THE JEWISH NEWS
Incorporating The Detroit Jewish Chronicle commencing with issue of July 20, 1951
Member American Association of Enlish—Jewish Newspapers, Michigan Press Association, National Editorial j
Published every Friday by The Jewish News Publishing Co., 17100 West Seven Mile Road, Detroit, Mich. 48235.
VIC 8- 1E1364, Subscription VI a year. Foreign $8.
Second Class Postage Paid at Detroit, Michigan
Editor and Publisher
CARMI M. SLOMOVITZ
Sabbath Scriptural Selections
This Sabbath, the 13th day of lyar, 5728, the - following scriptural selections will
be read in our synagogues:
Pentateuehal portion, Levit. 16:1-20:27. Prophetical portion, Amos 6:7-15.
Candle lighting, Friday, May 10, 7:22 p.m.
VOL. LIII. No. 8
May 10, 1968
Significant JPS 80th Anniversary
Eighty years is not a long time in the
history of a community or of a cultural
group. It is an especially short span for a
Jewish undertaking when it is measured as
part of the milennia of creative cultural en-
lightenment. Nevertheless, in the' instance
of the Jewish Publication - Society of America,
its 80th anniversary is a most significant oc-
casion for celebration by American Jewry.
It must be remembered that 80 years
ago American Jewry was very small in num-
bers—less than 500,000. The U. S. Jewish
community did not possess the unity that was
needed to assure the continuity of our spiri-
tual-cultural aims through the publication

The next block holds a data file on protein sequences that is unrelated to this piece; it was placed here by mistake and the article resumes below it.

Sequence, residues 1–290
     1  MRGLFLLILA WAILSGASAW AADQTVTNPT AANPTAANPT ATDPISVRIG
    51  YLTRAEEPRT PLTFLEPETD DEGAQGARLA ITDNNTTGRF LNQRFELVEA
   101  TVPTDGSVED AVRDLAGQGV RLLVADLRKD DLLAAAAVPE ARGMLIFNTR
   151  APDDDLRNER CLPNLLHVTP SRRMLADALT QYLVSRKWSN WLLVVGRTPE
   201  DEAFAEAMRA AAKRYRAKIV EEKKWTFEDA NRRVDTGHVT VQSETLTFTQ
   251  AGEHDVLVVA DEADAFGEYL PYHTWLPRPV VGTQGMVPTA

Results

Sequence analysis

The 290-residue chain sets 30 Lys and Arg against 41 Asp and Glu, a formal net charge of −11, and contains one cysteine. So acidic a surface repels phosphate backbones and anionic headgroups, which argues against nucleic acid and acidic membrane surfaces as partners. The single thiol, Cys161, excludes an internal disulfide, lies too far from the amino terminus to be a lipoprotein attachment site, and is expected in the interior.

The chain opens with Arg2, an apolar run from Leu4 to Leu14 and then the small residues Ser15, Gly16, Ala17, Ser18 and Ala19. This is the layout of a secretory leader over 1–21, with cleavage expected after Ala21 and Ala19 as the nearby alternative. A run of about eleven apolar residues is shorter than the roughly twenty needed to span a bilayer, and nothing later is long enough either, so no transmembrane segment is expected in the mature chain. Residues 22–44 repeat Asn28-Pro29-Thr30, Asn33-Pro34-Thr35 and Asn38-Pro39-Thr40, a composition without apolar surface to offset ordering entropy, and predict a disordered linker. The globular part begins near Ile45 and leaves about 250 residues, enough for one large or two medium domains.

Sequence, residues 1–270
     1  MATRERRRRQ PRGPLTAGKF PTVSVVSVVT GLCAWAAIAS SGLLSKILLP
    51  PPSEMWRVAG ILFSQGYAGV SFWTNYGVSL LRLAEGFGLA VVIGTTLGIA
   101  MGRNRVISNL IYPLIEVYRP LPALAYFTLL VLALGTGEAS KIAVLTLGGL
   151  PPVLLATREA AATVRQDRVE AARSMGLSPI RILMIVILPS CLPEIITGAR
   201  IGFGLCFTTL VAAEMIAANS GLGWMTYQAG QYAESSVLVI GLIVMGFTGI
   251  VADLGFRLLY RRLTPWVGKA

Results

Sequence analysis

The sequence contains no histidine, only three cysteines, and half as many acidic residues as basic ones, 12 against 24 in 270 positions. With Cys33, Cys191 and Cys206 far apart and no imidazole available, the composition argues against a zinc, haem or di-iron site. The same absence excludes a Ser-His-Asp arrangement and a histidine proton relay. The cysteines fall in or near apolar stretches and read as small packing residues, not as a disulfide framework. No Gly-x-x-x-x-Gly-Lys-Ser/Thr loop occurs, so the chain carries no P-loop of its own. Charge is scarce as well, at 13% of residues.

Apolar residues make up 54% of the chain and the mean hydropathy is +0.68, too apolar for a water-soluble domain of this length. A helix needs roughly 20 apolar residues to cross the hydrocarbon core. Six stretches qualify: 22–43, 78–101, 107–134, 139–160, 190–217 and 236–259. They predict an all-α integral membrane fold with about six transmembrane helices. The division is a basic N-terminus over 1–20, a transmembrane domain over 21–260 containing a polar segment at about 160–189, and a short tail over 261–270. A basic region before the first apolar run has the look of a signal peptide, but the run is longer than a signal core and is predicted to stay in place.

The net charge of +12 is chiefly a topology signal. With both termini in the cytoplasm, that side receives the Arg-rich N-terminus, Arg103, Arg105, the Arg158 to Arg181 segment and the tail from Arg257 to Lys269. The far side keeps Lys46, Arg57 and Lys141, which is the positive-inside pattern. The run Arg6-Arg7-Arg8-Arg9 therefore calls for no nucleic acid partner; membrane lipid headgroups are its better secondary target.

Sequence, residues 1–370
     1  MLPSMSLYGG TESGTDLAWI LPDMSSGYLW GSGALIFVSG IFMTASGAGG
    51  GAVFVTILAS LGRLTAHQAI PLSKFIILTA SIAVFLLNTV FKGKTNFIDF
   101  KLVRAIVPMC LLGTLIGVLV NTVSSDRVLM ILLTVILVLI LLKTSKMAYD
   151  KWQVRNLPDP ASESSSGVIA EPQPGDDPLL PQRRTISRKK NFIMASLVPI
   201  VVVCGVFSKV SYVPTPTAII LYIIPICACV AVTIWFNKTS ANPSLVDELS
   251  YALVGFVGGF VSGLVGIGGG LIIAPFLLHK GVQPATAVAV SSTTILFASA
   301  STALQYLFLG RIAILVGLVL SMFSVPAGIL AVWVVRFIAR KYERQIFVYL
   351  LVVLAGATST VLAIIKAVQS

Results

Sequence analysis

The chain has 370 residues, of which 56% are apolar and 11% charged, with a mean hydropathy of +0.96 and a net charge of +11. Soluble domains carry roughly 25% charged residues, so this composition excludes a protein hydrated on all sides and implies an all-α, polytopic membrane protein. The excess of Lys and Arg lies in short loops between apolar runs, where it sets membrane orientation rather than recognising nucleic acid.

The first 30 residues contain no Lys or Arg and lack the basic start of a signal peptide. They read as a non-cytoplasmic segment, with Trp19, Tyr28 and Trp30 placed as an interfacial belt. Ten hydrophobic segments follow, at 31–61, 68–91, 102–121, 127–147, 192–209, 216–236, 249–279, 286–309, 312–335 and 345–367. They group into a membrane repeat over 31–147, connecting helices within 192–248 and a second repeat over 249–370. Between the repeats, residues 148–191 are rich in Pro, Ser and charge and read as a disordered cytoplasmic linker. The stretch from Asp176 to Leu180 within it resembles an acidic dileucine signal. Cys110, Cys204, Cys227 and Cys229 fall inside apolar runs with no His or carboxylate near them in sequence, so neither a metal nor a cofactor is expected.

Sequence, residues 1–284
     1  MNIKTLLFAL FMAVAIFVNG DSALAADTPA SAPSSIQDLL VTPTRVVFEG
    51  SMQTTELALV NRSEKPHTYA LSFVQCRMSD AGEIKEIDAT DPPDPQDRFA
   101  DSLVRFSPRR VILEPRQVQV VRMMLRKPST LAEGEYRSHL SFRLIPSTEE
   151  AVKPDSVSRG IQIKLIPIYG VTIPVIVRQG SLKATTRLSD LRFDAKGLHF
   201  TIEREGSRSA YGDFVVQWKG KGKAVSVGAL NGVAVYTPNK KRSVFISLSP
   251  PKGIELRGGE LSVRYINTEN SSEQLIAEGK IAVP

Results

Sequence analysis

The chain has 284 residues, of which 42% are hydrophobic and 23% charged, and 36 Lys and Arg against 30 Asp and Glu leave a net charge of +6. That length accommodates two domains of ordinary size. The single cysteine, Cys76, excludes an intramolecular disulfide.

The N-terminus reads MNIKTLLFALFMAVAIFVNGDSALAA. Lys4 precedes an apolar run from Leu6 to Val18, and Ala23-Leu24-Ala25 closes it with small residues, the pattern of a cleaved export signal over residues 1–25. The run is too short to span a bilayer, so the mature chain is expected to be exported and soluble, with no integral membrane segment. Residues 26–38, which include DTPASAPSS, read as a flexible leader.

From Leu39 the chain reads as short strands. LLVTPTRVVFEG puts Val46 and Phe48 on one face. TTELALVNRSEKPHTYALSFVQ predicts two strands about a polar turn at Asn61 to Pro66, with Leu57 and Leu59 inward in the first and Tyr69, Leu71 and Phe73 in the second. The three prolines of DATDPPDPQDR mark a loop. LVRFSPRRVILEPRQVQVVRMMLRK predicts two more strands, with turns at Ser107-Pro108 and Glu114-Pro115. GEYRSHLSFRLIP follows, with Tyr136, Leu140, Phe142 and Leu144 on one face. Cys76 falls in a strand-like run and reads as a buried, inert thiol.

of books written by members of the young
community of American Jews. We may not
have unity even in our own time, but to-
day we have an amalgamated American
Jewry with very few among us who are not
∎ ative-born or sons of native-born Jews. The
oreign-born element was more predominant
years ago, and there were more languages
in use by Jews to contend with—German,
Spanish, Ladino, Yiddish, Polish, Russian,
as well as English.
Nevertheless, even with a Babel of langu-
ages, the beginning of a publicly-sponsored
publication society that emerged into great
success, having started with small beginnings
in 1888, attested to a commendable interest.
There were efforts twice before that year—
in 1845 and 1873—to create such a publi-
cation society among the Jews of America.
Those efforts failed completely. But on June
3, 1888, a great undertaking was marked by
a success that is so impressive that the Jew-
ish Publication Society of our day is an out-
standing element of progress in American
The 80th JPS anniversary is an occasion
for celebration by all American Jews. The
anniversary denotes advancement culturally
and an earnest desire on the part of a
dedicate.d element in our midst to encourage
creative literary efforts and to perpetuate
the legacies of the past through the classics
JPS produces. Many obstacles were over-
come in the emergence of JPS and its 80-
'ear history. It will be in the best interests
of our people in this country, and of Jews
in other English-speaking countries who are
benefiting from JPS's. labors, to assure an
increased interest in the publication society.
to increase, its membership and in all ways
to establish the type of cooperation that is
vital to the existence of so important a
communal agency. By giving JPS the un-
interrupted support it needs. all of us will
be partners in a significant 80th anniversary.
Lessons of the Human Rights - Year
Major significance attaches to the observ-
ance of 1968 as International Human Rights
Year, on the occasion of the 20th anniversary
of the United Nations Declaration of Human
Rights. It marks the transforming of the
worldwide human society into a universal,
unit interested in advancing the needs of
all peoples, of erasing injustices, of reducing
poverty to a degree of eventually removing
it entirely frOin the international sphere,